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The Aged P’s joined us for drinks and supper in the van.  Although we did eat in the hotel restaurant (the only dinners!) twice.  An ordinary menu, but superbly cooked.

RHS Harlow Carr on the one day that the forecasters suggested might not rain! On arrival we had coffee and cakes in Betty’s. Yummy.

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The next day was forecast to rain.  And it did.  But we booked the Rover ticket for the Keithly and Worth Valley Steam Railway, so were ‘ moistly’ dry.  https://kwvr.co.uk  Built by the textile mill owners to get their worsted cloth to the main railway line. A short railway with several stops, including museums, a vintage bus side shoot and The Railway Children film station.  An excellent day.  Lunch, eventually, was a quirky little cafe about to shut up.  I spotted some Lewis Chessmen high on a shelf, to be told no one else had recognised them … the owner’s father was having a late lunch too … he got them off the shelf … he’d carved them from a picture in book.  Some talented people.

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Hadn’t realised the UK operated on different time zones until the railways forced a single time zone.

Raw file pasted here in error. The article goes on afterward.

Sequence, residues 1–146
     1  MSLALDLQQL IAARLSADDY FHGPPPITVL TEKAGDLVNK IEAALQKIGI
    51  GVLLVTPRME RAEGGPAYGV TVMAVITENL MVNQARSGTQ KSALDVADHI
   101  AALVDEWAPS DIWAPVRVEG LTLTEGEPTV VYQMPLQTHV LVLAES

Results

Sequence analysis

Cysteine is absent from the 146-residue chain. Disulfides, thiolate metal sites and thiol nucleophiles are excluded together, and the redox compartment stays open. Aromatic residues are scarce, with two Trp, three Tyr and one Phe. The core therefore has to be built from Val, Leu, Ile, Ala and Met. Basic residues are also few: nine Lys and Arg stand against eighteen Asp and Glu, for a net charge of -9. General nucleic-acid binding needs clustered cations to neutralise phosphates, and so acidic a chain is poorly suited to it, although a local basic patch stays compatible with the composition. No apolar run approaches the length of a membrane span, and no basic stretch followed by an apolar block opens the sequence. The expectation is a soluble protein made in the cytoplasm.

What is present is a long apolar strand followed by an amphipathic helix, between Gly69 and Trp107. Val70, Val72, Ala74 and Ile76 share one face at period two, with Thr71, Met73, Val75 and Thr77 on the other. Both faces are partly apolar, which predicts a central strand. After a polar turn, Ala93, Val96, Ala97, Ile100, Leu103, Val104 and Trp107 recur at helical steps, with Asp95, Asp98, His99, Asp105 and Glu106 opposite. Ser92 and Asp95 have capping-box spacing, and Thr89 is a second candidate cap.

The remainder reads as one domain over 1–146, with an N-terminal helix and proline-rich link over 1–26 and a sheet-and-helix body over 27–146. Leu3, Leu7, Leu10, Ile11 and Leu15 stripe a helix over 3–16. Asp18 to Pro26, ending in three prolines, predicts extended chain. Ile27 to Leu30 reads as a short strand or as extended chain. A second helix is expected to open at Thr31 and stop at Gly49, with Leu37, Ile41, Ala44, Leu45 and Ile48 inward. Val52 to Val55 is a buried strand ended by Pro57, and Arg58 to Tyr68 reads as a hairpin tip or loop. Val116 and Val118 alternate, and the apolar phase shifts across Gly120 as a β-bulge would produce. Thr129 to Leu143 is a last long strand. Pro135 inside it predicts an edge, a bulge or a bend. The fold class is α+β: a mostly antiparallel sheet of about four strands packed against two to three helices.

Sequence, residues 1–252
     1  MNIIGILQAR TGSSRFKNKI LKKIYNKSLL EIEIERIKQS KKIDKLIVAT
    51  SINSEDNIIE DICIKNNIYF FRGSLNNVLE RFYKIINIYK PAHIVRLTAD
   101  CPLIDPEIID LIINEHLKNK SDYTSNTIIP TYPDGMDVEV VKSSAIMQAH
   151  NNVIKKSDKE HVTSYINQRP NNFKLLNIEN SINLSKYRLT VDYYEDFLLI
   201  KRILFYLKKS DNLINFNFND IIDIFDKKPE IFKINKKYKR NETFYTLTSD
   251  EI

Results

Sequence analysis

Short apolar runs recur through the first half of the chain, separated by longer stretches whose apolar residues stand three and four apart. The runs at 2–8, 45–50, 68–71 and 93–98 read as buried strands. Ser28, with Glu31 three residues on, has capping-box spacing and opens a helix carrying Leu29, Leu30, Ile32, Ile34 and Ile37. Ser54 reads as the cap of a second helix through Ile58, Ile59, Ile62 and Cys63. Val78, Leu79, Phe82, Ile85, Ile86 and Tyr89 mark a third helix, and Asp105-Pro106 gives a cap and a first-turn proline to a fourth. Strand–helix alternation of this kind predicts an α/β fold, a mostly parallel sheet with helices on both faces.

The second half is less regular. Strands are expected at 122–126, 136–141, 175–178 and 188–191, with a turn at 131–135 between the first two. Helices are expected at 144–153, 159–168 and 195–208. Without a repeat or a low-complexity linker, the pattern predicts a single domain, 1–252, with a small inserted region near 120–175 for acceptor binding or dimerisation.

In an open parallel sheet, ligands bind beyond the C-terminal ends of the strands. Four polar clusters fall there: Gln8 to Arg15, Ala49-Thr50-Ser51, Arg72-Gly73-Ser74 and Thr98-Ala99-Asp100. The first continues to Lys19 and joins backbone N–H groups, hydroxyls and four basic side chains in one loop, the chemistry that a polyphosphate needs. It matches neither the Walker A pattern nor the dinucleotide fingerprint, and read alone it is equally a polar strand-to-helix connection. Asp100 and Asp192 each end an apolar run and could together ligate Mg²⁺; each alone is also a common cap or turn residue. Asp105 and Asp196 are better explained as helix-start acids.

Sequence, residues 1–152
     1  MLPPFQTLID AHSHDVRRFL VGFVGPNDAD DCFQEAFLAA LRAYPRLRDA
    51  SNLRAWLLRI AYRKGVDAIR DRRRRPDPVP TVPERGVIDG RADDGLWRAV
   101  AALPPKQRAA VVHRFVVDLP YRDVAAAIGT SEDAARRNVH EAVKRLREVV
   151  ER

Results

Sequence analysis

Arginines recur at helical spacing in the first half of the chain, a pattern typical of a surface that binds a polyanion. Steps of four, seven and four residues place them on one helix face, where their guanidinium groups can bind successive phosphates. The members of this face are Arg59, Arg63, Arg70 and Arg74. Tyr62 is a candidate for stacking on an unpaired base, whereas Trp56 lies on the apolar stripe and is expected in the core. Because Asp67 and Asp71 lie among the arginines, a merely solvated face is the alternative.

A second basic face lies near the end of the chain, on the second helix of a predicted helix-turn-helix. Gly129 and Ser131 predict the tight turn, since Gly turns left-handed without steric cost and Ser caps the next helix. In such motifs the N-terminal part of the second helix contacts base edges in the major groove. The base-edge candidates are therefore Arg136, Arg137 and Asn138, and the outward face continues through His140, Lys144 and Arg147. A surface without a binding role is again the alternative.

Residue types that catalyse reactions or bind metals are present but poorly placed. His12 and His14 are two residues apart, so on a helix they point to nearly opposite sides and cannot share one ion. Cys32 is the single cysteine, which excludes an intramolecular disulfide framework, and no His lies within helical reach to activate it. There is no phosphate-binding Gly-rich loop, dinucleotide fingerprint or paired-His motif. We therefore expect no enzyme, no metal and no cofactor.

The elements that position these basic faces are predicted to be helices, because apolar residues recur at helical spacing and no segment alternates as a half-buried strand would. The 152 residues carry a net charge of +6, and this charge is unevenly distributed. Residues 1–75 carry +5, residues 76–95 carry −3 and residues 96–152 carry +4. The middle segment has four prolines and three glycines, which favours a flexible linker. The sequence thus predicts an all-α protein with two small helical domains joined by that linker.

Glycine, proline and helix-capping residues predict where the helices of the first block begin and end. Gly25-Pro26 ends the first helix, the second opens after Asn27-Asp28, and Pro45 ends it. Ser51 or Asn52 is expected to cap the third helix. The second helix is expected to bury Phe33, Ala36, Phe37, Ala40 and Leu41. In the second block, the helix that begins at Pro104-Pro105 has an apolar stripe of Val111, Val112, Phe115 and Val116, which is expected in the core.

Bronte Parsonage, Haworth https://www.bronte.org.uk  Small but fascinating.  Quite a lot about the family members who, even individually, were interesting to learn about.




A teenagers’ bedroom … no brother Branwell’s room.  An intellectual and talented portrait painter who could find love or a career and descended into self pity and narcotics.

The Bradford Industrial Museum is housed in an old mill and run by the council, but free.  https://www.bradfordmuseums.org/venues/bradford-industrial-museum  A hotch patch of collections from cars, to engines, printing, mill worker houses through the ages etc. … but don’t expect a cafe, just a vending machine

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We also discovered Skipton, and Mum and I went back one afternoon to do some Christmas shopping!  I know mad isn’t it … it’s still supposed to be summer!